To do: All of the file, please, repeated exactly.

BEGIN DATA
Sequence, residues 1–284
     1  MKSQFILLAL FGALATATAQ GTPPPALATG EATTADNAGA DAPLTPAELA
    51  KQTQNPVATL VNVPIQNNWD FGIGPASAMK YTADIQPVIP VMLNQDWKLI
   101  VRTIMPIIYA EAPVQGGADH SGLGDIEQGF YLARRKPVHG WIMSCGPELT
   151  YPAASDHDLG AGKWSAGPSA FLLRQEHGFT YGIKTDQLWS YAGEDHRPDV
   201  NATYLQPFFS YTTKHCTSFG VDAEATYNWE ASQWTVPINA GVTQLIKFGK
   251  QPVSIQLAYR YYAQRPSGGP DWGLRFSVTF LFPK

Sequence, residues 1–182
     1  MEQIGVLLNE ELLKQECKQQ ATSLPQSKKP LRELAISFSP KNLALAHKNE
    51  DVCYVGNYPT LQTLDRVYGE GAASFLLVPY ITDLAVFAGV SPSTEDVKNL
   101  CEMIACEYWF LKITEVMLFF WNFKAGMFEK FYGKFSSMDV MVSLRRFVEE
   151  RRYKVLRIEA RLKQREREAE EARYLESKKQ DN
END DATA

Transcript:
Sequence, residues 1–284
     1  MKSQFILLAL FGALATATAQ GTPPPALATG EATTADNAGA DAPLTPAELA
    51  KQTQNPVATL VNVPIQNNWD FGIGPASAMK YTADIQPVIP VMLNQDWKLI
   101  VRTIMPIIYA EAPVQGGADH SGLGDIEQGF YLARRKPVHG WIMSCGPELT
   151  YPAASDHDLG AGKWSAGPSA FLLRQEHGFT YGIKTDQLWS YAGEDHRPDV
   201  NATYLQPFFS YTTKHCTSFG VDAEATYNWE ASQWTVPINA GVTQLIKFGK
   251  QPVSIQLAYR YYAQRPSGGP DWGLRFSVTF LFPK

Sequence, residues 1–182
     1  MEQIGVLLNE ELLKQECKQQ ATSLPQSKKP LRELAISFSP KNLALAHKNE
    51  DVCYVGNYPT LQTLDRVYGE GAASFLLVPY ITDLAVFAGV SPSTEDVKNL
   101  CEMIACEYWF LKITEVMLFF WNFKAGMFEK FYGKFSSMDV MVSLRRFVEE
   151  RRYKVLRIEA RLKQREREAE EARYLESKKQ DN